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  1. MPs question international trade and then women and equalities ministers
  2. Urgent question on data roaming charges
  3. MPs also debated motions on compensation relating to two lung conditions
  4. After Andrea Leadsom outlined forthcoming business
  5. Statement on review of legal aid and then one on Venezuela
  6. House of Lords holds question session for ministers

Live Reporting

By Sophie Morris and Richard Morris

All times stated are UK

  1. Today in the Commons

    What happened?

    House of Commons


    The government will have its next vote on Brexit next Thursday, Leader of the House of Commons Andrea Leadsom announced today.

    The prime minister will either come back with a revised deal, or table an amendable motion next Wednesday for debate on Thursday.

    The Commons heard statements on legal aid and Venezuela. The legal aid proposal came as the government announced more money for the service starting this spring, following a review of the cuts implemented in 2012 and 2013.

    The Commons returns on Monday for what promises to be an historic week in the next round of Brexit votes.

  2. 'MPs must hold PCCs to account on spending of funding reserves'

    Anti-Social Behaviour Debate

    House of Commons


    Victoria Atkins

    Home Office Minister Victoria Atkins says the debate has been "interesting and thought provoking".

    Police and local authorities have a number of powers available to them including community protection orders, Ms Atkins adds, and these have been reformed through the Anti-Social Crime and Policing Act 2014.

    These powers are flexible and enable local agencies to tailor their approach to individual circumstances of anti-social behaviour, she says.

    On the issue of police funding, Ms Atkins says cuts were made "to address the mess we were in economically because of the Labour government".

    MPs must hold their Police and Crime Commissioners (PCCs) to account on how they are spending their funding reserves, she adds.

  3. Labour attacks local police funding

    Anti-Social Behaviour Debate

    House of Commons


    Carolyn Harris

    Opposition spokesperson Carolyn Harris says while anti-social behaviour often doesn't cause physical harm to a person, it causes "emotional and psychological damage".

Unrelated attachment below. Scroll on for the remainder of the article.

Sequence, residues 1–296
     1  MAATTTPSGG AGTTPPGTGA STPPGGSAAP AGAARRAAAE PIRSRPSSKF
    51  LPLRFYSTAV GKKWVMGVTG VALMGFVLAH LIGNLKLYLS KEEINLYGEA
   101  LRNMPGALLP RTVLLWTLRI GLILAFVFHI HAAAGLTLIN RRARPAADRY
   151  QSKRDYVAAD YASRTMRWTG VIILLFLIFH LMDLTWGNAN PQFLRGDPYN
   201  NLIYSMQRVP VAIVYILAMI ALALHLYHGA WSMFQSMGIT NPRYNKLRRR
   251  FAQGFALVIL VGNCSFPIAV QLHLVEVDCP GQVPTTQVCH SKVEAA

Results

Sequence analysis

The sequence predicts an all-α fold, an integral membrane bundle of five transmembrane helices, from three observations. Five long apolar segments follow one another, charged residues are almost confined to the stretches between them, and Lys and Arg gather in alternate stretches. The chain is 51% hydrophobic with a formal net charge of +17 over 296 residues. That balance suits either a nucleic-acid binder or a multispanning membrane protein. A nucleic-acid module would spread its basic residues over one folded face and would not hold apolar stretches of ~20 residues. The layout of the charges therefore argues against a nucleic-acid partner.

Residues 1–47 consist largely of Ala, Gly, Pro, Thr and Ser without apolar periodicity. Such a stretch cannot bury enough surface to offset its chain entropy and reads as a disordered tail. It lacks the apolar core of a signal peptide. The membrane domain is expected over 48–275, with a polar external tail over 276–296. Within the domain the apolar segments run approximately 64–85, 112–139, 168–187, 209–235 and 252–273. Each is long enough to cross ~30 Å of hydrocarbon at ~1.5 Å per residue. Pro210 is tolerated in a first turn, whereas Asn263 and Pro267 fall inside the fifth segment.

She says that "helplessness" and "poverty" causes people to act in anti-social ways.

    She warns that pension grants from government are not enough to match the shortfall of pension liabilities for police forces.

    "However the government tries to manipulate the figures, central government funding for local police forces has been cut for nine consecutive years," she states.

    "Public safety should be a priority," she says, "it doesn't need to be like this."

  4. Video content

    Video caption: Theresa May on Brexit timing and Tusk 'hell' tweet

    Theresa May says Donald Tusk's comments "were not helpful and caused widespread dismay" in the UK.

  5. 'It's about understanding people and where they are coming from'

    Anti-Social Behaviour Debate

    House of Commons


    Mhairi Black

    SNP MP Mhairi Black says Scotland has had the anti-social behaviour act since 2004 and that "a partnership approach, with the police, local authorities and the courts service, is key to make positive change".

    These measures have been having a positive impact in Scotland, she says.

    Everyone has the right to feel safe in their own home, Ms Black says, and the support that local organisations provide is "essential, and should be supported more".

    Individuals should be treated as someone that matters, not something that needs to be resolved, she adds.

    "It's about understanding people and where they are coming from," she concludes.

  6. 'Disgraceful' that anti-social behaviour 'goes unchecked' - Labour MP

    Anti-Social Behaviour Debate

    House of Commons


    Siobhain McDonagh

    Labour's Siobhain McDonagh says "the difficulties of suburban shopping centres have become so much worse" and she says that shop fronts are being vandalised even when the local town centre has been regenerated.

    This means that town centres become "simply an unpleasant place to shop".

    She says that "disgraceful" anti-social behaviour often goes "unchecked" because police forces do not have the resources they need.

    "There is no substitute for a visible police presence in a community," she says.

  7. Labour MP highlights community links to counter anti-social behaviour

    House of Commons